Josef Stalin's daughter Lana Peters dies
Josef Stalin's only daughter, whose defection to the West in 1967 set off an international furore and made her a best-selling author, has died of colon cancer aged 85.
County coroner Mary Turner said Lana Peters, originally known as Svetlana Alliluyeva, died on Nov. 22 in Wisconsin of colon cancer.
Peters defected from the Soviet Union in 1967 - a major embarrassment to the ruling communists. The Soviet premier denounced her as "morally unstable."
Her defection in - which she said was partly motivated by the poor treatment of her late husband, Brijesh Singh, by Soviet authorities - was a public relations coup for the US.
Her memoir, "Twenty Letters to a Friend," later that year became a best-seller.
But Peters, who left behind two children, said her identity involved more than just switching from one side to the other in the Cold War. She even moved back to the Soviet Union in the 1980s, only to return to the US more than a year later.
Upon her arrival in New York City in 1967, the 41-year-old said: "I have come here to seek the self-expression that has been denied me for so long in Russia."
She said she had come to doubt the communism she was taught growing up and believed there were not capitalists or communists, just good and bad human beings. She had also found religion and believed "it was impossible to exist without God in one's heart."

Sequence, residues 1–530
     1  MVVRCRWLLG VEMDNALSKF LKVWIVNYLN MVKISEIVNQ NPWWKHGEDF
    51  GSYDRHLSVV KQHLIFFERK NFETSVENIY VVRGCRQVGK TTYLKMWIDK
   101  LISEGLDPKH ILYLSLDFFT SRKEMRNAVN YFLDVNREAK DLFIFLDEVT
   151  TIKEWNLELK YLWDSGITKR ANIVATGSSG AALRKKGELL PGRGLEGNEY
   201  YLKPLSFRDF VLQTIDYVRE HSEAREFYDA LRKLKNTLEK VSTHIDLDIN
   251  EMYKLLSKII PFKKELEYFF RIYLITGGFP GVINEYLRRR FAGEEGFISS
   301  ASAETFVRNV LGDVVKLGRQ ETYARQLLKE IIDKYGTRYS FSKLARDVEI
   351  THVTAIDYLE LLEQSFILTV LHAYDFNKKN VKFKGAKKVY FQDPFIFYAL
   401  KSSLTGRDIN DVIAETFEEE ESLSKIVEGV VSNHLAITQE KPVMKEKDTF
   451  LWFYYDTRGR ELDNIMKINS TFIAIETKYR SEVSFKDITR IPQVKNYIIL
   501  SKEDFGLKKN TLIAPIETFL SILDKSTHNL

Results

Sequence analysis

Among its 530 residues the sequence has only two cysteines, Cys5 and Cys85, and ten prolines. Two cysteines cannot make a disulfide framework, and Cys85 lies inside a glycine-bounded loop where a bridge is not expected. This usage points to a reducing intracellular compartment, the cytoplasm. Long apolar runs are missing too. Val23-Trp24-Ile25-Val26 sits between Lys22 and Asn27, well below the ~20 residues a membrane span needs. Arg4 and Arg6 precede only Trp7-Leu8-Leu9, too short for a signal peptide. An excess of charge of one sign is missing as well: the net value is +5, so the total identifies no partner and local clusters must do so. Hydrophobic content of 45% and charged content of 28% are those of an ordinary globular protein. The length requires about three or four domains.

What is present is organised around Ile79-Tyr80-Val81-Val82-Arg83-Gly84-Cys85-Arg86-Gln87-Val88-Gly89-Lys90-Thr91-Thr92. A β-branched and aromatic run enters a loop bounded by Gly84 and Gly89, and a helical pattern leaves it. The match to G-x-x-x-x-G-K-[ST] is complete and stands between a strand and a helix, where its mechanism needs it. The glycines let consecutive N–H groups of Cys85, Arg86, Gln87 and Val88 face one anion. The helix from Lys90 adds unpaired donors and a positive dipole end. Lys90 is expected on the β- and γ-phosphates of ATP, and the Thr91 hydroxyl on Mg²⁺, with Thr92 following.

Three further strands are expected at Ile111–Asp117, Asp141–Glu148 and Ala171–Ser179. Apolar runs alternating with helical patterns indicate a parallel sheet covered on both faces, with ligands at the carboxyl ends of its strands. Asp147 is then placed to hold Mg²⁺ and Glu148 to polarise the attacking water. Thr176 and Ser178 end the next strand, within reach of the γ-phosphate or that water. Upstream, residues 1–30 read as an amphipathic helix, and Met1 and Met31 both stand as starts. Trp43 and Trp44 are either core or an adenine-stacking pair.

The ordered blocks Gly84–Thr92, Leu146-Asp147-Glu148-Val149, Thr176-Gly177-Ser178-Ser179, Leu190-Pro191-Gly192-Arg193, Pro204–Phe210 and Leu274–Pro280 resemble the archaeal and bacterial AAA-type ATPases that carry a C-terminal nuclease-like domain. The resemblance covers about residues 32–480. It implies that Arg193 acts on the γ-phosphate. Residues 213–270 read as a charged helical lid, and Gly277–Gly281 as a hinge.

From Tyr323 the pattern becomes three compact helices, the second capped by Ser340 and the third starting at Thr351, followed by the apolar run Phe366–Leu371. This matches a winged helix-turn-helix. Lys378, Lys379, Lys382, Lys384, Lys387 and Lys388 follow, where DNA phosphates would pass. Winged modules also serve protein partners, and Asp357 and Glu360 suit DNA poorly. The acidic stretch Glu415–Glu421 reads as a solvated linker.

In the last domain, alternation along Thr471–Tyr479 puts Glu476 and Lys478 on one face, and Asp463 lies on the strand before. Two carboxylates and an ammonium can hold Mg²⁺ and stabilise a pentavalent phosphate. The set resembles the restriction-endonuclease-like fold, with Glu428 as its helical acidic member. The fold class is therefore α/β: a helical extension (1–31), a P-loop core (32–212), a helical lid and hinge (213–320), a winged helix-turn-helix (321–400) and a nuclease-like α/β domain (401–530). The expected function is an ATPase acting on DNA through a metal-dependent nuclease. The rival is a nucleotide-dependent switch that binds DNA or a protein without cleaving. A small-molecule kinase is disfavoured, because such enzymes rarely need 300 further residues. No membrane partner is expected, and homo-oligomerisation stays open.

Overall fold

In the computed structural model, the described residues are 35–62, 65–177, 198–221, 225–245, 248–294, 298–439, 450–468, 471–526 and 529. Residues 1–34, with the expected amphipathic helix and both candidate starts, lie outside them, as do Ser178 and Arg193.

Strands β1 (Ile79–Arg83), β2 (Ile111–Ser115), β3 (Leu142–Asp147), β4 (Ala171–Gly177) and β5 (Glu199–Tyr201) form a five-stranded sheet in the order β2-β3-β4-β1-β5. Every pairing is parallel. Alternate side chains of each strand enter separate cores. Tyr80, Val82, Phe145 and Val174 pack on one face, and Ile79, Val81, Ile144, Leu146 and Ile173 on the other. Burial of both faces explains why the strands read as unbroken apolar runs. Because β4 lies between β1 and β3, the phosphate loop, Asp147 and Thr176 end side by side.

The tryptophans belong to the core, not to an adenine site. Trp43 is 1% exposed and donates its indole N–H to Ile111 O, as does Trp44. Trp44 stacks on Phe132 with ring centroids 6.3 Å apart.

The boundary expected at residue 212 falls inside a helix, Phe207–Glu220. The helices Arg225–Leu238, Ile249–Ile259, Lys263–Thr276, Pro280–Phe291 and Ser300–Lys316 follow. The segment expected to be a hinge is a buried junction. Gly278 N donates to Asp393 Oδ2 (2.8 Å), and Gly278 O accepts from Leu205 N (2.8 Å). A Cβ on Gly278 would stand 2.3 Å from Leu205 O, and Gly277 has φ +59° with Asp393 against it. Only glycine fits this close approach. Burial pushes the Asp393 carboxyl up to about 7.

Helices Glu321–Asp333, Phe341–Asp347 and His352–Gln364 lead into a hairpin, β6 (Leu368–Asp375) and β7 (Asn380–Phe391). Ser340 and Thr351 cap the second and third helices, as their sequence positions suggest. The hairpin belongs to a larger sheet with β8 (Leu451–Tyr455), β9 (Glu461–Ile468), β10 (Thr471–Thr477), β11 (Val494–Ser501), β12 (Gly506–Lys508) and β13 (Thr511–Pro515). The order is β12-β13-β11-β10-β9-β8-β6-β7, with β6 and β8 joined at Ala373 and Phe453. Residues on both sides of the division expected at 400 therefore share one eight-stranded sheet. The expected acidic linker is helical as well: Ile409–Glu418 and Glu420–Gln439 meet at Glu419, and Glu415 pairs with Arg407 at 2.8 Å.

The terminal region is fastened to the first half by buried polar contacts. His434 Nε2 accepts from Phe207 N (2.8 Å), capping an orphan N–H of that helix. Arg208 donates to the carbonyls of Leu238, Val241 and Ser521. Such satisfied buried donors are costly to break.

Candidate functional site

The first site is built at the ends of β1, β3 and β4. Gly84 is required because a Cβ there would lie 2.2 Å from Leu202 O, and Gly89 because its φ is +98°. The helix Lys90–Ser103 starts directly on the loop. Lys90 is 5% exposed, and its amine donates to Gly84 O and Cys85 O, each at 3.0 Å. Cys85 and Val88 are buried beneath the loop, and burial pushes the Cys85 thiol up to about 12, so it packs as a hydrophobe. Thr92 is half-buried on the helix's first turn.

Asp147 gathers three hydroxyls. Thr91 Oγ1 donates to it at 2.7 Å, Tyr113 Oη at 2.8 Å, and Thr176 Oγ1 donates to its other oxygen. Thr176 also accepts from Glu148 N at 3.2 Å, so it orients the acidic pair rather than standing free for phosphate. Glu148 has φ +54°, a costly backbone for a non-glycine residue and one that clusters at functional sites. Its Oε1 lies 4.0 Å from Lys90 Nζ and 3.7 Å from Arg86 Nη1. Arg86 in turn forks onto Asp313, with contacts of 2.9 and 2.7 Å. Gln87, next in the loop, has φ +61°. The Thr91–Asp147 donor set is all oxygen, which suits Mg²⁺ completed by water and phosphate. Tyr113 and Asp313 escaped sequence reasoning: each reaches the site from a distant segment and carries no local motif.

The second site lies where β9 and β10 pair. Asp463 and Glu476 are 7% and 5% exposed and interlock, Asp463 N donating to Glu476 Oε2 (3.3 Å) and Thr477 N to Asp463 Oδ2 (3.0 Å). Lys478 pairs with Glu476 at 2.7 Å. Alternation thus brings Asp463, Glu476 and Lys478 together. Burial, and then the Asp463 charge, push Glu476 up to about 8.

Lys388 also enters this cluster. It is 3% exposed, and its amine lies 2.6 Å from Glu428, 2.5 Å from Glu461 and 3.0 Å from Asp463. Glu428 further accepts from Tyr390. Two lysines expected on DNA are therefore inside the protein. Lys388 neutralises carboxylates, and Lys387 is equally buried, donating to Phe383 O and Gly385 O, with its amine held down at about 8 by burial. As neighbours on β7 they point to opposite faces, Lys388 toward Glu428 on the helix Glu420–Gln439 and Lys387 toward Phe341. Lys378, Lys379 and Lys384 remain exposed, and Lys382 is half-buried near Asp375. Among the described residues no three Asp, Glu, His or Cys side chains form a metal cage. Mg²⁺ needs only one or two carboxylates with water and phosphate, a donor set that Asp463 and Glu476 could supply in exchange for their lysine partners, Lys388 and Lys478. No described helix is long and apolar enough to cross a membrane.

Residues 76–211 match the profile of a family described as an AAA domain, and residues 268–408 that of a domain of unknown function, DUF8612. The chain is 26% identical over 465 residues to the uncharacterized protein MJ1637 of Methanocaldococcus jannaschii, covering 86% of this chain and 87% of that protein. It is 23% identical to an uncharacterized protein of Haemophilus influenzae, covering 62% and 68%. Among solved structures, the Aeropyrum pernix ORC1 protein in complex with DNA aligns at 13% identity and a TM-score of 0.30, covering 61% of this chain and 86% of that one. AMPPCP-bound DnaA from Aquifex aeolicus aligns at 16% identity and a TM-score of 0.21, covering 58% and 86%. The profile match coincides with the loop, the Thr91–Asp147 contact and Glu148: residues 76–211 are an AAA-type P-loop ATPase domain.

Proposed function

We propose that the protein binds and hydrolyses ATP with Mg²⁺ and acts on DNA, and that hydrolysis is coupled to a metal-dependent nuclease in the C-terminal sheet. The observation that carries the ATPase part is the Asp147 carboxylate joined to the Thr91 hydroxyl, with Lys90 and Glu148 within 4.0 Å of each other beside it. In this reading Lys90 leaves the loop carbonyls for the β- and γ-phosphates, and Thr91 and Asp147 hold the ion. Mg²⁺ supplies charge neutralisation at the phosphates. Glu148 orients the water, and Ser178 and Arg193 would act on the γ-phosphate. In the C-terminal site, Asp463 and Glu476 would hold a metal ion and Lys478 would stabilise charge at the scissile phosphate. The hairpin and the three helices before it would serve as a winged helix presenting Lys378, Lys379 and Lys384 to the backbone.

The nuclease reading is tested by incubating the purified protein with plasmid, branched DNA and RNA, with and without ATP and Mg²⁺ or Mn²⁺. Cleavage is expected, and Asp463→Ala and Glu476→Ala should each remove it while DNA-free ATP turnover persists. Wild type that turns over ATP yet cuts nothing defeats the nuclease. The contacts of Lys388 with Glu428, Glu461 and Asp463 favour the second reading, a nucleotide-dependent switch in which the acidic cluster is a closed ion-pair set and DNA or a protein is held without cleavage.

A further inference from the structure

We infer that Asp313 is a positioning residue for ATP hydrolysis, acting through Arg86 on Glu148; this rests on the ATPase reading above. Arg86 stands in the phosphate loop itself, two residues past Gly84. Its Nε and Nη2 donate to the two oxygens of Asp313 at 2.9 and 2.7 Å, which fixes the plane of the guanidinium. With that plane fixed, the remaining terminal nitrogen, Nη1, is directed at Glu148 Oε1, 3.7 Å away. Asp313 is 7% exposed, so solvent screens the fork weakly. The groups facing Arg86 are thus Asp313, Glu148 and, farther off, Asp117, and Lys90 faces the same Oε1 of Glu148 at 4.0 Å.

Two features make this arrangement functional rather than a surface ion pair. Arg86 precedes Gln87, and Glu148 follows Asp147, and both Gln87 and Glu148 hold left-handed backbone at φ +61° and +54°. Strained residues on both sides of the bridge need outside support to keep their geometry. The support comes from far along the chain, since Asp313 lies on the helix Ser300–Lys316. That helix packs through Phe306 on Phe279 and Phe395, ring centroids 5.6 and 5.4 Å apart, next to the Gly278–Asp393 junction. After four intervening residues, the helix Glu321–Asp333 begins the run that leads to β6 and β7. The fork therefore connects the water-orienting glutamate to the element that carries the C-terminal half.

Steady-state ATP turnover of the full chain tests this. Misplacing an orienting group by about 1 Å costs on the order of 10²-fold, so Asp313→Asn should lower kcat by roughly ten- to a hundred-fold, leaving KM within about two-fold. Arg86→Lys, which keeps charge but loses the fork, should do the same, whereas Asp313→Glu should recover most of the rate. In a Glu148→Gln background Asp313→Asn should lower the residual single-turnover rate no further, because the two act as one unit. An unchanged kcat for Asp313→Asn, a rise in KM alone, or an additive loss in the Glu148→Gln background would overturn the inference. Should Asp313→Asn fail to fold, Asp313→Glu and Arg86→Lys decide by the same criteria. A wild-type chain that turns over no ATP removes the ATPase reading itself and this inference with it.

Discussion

Raised by a nanny with whom she grew close after her mother's death in 1932, Alliluyeva was Stalin's only daughter. She had two brothers, Vasili and Jacob. Jacob was captured by the Nazis in 1941 and died in a concentration camp. Vasili died an alcoholic at age 40.
Alliluyeva graduated from Moscow University in 1949, worked as a teacher and translator and traveled in Moscow's literary circles before leaving the Soviet Union. She was married four times - the last time to William Wesley Peters, after she came to the US, and she took the name Lana Peters. The couple had a daughter, Olga, before divorcing in 1973.
She later married noted architect William Wesley Peters. She took the name Lana Peters and they had a daughter, Olga, but divorced in 1973. She moved back to the Soviet Union briefly in the 1980s but returned to the West.
Her father died in 1953.